The oxygen sensor made possible a precise control of the atmosphere in our kiln and helped us to reproduce positive results. During the early stages of a firing, many potters tend to produce overly oxidised atmospheres, unnecessarily cooling the flames. A neutral atmosphere produces the greatest temperature rise while expending the least amount of fuel. Later in the firing, some potters reduce too heavily, wasting unburned fuel that escapes through the chimney. These problems can be avoided through the use of an oxygen sensor, which provides precise readings of the atmosphere inside the kiln regardless of external weather conditions.

My research has focused on the fuel consumption of kilns and some of the efficient materials, devices and practices that are available to potters today. An oxygen sensor, by providing a precise reading of the atmosphere in the kiln, allows the operator to reproduce positive results and to use no more than the necessary amount of fuel. Fuel consumption can also be reduced by roughly 20 percent simply by lowering the firing temperature from cone 10 (1300[degrees]C) to cone 6 (1200[degrees]C). Adding a recuperative burner system, as we did, can reduce fuel consumption by an additional 10 percent when the recuperated air temperature is 290[degrees]F (143[degrees]C) and fuel savings as great as 30 percent may be attainable when recuperated air temperature reaches 1000[degrees]F (537[degrees]C) (Rebello. 1980.). A recuperative air system holds great potential for fuel consumption reduction and widespread practical use, both in retrofits and in new kilns. Combining the system with other strategies yields the greatest energy savings and, in my experience, does not entail any sacrifice of desired aesthetic results.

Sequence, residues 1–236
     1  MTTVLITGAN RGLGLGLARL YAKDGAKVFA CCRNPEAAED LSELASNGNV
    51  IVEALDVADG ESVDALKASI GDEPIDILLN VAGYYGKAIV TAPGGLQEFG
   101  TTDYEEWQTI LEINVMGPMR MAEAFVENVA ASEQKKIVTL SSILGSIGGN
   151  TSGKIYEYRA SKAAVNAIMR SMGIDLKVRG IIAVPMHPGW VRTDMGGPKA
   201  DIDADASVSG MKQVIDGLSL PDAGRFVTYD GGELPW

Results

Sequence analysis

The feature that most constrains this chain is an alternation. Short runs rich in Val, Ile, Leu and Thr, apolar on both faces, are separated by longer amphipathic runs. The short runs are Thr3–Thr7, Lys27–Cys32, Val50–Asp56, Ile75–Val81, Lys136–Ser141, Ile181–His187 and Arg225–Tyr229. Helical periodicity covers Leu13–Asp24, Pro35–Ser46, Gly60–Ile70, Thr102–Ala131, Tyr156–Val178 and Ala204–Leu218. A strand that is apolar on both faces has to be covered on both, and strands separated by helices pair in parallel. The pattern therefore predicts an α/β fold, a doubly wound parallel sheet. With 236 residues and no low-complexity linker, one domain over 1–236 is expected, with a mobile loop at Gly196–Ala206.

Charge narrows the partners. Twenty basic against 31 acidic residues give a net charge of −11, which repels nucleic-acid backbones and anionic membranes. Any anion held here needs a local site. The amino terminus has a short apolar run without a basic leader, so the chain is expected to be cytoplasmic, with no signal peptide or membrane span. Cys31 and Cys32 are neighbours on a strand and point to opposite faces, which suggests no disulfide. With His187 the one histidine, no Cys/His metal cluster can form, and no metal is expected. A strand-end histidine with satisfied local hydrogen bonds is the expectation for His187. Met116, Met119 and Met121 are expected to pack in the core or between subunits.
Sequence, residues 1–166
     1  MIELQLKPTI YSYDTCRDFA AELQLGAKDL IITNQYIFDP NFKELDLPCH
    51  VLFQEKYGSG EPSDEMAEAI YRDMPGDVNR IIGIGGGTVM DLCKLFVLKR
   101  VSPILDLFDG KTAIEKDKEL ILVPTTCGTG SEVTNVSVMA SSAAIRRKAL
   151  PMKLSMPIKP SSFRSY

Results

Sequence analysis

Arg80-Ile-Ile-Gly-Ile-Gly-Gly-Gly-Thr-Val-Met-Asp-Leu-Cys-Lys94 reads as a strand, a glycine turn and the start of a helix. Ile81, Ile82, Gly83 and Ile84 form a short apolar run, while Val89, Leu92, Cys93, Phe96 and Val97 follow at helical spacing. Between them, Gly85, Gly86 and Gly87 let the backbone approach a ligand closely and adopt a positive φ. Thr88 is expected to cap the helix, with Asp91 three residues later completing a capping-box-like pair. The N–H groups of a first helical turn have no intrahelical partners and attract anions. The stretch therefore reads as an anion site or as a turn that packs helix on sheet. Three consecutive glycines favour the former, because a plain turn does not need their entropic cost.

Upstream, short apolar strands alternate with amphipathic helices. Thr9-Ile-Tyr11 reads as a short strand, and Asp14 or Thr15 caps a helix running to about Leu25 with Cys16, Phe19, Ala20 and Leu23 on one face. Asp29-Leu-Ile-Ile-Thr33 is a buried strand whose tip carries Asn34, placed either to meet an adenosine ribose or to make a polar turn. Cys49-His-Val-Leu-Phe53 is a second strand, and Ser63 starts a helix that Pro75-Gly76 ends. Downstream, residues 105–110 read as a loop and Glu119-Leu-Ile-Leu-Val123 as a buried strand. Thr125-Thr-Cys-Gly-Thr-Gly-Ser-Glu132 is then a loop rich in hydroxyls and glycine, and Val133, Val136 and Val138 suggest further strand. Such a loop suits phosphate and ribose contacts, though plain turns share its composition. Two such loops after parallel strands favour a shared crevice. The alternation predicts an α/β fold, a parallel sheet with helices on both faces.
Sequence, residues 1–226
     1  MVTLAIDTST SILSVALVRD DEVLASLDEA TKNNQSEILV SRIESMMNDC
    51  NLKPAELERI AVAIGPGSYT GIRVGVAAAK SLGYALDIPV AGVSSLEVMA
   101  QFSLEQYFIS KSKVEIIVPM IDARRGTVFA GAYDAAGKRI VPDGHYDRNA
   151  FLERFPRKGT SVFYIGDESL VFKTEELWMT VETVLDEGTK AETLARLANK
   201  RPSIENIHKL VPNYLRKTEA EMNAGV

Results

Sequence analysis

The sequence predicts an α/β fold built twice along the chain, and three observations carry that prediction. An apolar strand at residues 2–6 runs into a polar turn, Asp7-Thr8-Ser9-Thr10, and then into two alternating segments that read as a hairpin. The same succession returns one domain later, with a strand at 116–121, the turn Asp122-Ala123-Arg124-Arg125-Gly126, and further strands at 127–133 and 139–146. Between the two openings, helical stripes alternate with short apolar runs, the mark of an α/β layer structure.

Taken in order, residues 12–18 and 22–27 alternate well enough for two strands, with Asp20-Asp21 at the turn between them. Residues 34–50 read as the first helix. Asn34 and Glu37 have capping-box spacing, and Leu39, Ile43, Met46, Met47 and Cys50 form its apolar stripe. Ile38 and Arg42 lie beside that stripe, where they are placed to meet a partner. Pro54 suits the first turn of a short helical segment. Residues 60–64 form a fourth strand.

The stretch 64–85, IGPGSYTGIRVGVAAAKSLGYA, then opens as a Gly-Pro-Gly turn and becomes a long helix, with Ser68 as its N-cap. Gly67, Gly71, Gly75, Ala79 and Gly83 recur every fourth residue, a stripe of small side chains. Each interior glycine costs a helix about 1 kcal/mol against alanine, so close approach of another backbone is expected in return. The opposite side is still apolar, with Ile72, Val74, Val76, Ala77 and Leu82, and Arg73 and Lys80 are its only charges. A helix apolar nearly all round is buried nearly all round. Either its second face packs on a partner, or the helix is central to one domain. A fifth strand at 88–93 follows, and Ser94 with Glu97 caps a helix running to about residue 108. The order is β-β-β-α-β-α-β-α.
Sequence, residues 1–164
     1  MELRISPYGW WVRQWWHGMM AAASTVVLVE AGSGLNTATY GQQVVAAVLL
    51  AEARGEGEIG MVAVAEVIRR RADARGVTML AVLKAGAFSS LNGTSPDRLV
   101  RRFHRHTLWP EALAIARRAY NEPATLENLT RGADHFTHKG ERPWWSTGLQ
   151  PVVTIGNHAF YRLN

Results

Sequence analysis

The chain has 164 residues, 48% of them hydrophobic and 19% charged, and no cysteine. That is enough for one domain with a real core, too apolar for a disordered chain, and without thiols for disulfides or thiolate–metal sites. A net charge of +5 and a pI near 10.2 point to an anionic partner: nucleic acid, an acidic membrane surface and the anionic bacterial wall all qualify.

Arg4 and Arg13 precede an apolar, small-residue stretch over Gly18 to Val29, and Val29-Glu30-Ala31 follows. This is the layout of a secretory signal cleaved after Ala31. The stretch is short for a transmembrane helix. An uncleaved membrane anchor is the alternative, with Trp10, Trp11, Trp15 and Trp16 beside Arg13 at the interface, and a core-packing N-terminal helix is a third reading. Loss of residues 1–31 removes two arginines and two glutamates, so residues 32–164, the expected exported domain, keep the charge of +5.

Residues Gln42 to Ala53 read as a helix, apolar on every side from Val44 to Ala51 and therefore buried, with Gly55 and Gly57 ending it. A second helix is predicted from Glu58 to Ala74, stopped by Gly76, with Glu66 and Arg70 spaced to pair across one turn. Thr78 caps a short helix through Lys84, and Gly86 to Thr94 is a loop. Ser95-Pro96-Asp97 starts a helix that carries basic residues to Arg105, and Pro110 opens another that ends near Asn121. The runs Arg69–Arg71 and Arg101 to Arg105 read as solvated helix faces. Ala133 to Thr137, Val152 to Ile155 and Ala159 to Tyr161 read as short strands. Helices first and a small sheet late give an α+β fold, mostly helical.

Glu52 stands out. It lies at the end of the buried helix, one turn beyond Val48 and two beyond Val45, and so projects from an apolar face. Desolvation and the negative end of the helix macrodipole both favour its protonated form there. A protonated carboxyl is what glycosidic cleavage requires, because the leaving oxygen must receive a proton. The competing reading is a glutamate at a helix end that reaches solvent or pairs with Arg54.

Specifications for recuperated air burner system

* Burners Ward blower burner model MB200 with special 400[degrees]F blowers.

* Cubic Feet a Minute (CFM) of air for each blower: 129 CFM max.

* Btu of each burner: 213,000 at seven water column inches.

* Supply pipe: eight inch diameter Double walled chimney pipe: inner = 12 inch diameter, outer = 16 inch diameter.
Kiln Wash Recipe

Edgar Plastic Kaolin (EPK) 25%
Kaolin (calcined) 25%
Alumina Hydrate 50%

Apply with a brush in thin even
coats, perpendicular to each other.


Rebello, Kohnken and Phipps, "Estimation of Fuel Savings by Recuperation of Furnace Exhausts to Preheat Combustion Air". (Proceedings from the Second Industrial Energy Technology Conference, Houston, Texas, US, 13-16 April, 1980.) Pp 301-308.

After many years as a potter and carpenter in Colorado, Steve Belz returned to school to focus on sculpture and to pursue a Master of Fine Arts Degree. He is currently in his final year of graduate school at Kansas State University.
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Author:Belz, Steve
Publication:Ceramics Technical
Date:May 1, 2012